Alex starts his sophomore year looking for a girlfriend in the freshman directory. He meets Tricia who seems to be everything he wants. However, after a spat with Tricia's roommate, Ellen, Alex finds...
The parents are away for a few days, Alex is in charge but cares only for his date Monica, so he wants the girls out; Mallory 'drives' straight into a telephone pole, now they must come up with some ...
Tony Micell, a retired baseball player, becomes the housekeeper of Angela Bower, an advertising executive in New York. Together they raise their kids, Samantha Micelli and Jonathon Bower, with help from Mona Robinson, Angela's man-crazy mother.
Charles, a college student, moves in with the Powell family as the housekeeper, baby-sitter, and friend to the children. Along with his best friend, Buddy, Charles attempts to manage his ... See full summary »
Steven and Elyse Keaton were two hippies with liberal viewpoints who had married during the 1960s. The young couple had hoped their children would adopt the same values. How wrong they were, especially in the case of oldest son Alex. "Family Ties," which was based in Columbus, Ohio, explored the relationship between Steven (a public television station manager), Elyse (an architect) and their three children, Alex, Mallory and Jennifer. Alex was an avid Reagan devotee and card-carrying Young Republicans Club member who sauntered through the house in a shirt and tie and hung a picture of William F. Buckley over his bed. But as intelligent and over-achieving as Alex was, Mallory was as underachieving and, to say the least, a slacker; she was more concerned with shopping and cute guys. Jennifer was the precocious youngster who just wanted to be a normal kid. Skippy Handleman, one of Alex's best friends, was a geeky next-door neighbor with an unrequited crush on Mallory. During the 1984-... Written by
Brian Rathjen <email@example.com>
[reading from a card given to him by Alex]
"Alex is more than a son. He's a companion, a friend, whom I can spend many long hours with discussing the economy, world events and politics." Alex, if I read this out loud, I'm afraid I'll be struck by lightning.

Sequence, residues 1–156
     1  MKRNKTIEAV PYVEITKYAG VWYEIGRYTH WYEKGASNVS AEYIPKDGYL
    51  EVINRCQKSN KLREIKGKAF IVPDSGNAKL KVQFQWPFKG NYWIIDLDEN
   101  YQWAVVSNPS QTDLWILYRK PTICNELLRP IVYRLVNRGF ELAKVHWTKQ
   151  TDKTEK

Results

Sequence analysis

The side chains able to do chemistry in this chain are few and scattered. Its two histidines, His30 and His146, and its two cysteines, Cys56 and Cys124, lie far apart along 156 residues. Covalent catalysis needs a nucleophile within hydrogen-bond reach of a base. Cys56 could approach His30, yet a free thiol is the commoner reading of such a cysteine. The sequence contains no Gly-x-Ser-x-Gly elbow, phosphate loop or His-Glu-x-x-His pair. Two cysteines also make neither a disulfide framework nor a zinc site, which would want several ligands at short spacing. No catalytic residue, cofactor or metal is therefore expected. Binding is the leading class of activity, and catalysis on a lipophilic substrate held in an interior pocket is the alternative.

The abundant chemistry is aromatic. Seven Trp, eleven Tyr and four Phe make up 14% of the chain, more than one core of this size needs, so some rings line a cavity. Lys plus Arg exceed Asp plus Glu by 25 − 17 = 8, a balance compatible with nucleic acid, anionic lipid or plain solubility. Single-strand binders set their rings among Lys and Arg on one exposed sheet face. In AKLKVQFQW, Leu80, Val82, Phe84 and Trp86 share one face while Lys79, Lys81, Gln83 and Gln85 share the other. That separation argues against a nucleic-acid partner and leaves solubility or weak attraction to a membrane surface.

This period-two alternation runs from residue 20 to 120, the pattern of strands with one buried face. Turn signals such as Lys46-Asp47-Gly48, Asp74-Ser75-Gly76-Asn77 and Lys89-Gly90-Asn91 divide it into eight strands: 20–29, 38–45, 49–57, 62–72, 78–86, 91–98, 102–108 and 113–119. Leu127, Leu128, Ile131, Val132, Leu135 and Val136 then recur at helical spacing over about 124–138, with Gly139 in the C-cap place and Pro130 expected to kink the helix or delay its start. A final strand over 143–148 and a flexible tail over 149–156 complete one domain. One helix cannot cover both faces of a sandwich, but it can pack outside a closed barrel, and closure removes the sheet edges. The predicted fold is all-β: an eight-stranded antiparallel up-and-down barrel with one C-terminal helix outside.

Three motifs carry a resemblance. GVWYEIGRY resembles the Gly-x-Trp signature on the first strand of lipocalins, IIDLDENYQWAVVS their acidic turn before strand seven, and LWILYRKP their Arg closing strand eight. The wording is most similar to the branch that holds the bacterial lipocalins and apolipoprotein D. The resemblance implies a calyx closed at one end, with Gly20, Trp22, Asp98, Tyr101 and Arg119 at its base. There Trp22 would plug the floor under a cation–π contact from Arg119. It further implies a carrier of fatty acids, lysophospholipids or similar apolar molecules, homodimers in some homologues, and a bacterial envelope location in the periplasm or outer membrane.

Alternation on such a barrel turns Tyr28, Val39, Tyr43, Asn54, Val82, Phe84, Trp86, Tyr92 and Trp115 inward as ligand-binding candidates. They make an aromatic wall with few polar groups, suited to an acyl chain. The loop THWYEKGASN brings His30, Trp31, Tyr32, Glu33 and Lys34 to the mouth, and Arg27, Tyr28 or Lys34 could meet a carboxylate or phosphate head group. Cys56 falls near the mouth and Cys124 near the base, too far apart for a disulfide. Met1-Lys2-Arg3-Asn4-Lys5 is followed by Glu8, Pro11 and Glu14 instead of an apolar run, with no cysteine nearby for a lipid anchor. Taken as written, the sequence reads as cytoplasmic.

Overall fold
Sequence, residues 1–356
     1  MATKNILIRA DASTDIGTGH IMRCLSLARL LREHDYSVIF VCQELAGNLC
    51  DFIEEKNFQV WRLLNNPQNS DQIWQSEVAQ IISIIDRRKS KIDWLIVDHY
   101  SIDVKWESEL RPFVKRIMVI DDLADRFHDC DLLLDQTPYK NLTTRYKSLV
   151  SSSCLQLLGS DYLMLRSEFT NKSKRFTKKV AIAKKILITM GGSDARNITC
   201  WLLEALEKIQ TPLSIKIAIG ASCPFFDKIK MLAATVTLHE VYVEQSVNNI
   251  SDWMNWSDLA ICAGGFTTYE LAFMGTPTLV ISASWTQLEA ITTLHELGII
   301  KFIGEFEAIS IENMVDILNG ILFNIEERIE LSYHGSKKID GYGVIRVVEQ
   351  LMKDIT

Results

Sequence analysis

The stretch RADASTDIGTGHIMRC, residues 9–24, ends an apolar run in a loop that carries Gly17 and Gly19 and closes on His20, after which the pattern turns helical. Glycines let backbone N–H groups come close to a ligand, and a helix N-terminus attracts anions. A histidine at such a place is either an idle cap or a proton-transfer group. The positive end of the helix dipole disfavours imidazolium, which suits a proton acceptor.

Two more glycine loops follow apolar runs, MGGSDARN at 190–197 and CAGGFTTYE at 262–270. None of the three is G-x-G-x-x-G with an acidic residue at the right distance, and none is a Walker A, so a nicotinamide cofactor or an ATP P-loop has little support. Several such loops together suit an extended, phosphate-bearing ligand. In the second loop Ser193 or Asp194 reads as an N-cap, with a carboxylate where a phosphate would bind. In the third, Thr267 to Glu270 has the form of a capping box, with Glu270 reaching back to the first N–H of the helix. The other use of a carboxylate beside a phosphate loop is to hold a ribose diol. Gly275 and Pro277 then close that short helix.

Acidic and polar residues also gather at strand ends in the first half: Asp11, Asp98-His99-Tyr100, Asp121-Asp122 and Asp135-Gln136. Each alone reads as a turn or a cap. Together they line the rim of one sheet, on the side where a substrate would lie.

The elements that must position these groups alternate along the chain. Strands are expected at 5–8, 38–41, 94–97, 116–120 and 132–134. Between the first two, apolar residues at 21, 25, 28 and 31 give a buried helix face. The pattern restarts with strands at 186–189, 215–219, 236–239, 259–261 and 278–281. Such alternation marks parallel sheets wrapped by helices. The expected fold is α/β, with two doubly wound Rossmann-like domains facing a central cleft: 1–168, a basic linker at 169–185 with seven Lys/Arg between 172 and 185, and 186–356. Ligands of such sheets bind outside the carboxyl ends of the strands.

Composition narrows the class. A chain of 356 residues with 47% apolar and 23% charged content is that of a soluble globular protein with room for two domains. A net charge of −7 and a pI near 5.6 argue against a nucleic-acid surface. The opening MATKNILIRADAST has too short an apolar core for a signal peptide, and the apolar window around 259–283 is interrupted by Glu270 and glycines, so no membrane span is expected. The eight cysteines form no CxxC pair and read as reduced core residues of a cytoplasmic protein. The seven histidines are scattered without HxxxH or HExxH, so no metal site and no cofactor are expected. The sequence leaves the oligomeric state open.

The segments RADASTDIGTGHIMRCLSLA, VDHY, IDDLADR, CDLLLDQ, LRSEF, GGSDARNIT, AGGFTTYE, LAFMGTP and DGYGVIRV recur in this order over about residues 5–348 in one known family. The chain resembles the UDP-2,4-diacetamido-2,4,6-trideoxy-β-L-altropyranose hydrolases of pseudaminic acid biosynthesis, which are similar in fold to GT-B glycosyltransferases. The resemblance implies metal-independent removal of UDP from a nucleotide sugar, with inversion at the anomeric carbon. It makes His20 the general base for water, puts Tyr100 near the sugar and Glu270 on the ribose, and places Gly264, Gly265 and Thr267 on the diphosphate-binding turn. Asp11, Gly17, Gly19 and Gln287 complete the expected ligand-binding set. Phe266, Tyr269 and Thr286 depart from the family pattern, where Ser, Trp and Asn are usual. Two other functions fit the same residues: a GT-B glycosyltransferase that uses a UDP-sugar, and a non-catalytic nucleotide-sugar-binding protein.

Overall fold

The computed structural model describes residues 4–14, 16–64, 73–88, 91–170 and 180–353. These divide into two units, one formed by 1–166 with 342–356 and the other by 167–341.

[Alex nods towards Elyse]
[reading from her card]
Mom, please read the "Alex is more than a son" speech, if dad refuses.
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Re-watching it on DVD I was amazed that Family Ties really stood the test of time. What makes it stand out is the constant high quality of the writing. On the one hand Family Ties always tackles serious issues on a personal level (death, trust, love, sexual harassment) but also on a social/ political level. I find it absolutely amazing that the writers always manage to avoid the trap of becoming sentimental or moralizing but always keep a healthy distance. Politically Family Ties is the great liberal voice of 80s television and from that point of view plays in a different league from its arch rival at the time, The Cosby show. What I also find amazing is that they manage to pack a satisfying story in the fairly short format of less then 30 minutes. The cast of course is perfect. Michael Gross stands out for me because he has the best one-liners in the show and his delivery as naive Steve Keaton is incredibly funny. Michael Fox is Michael Fox (as always) but Meredith Baxter is a great and underrated comedienne (and actually hellishly attractive...). Pity Tina Yothers stopped acting as it is amazing what a quantity and quality of dialogue she delivered at a very young age (though the jury is still out on her real age). And let's not forget Justine Bateman as airhead Mallory but who can act a fine line between comedy and drama (see Give uncle Arthur a kiss.)
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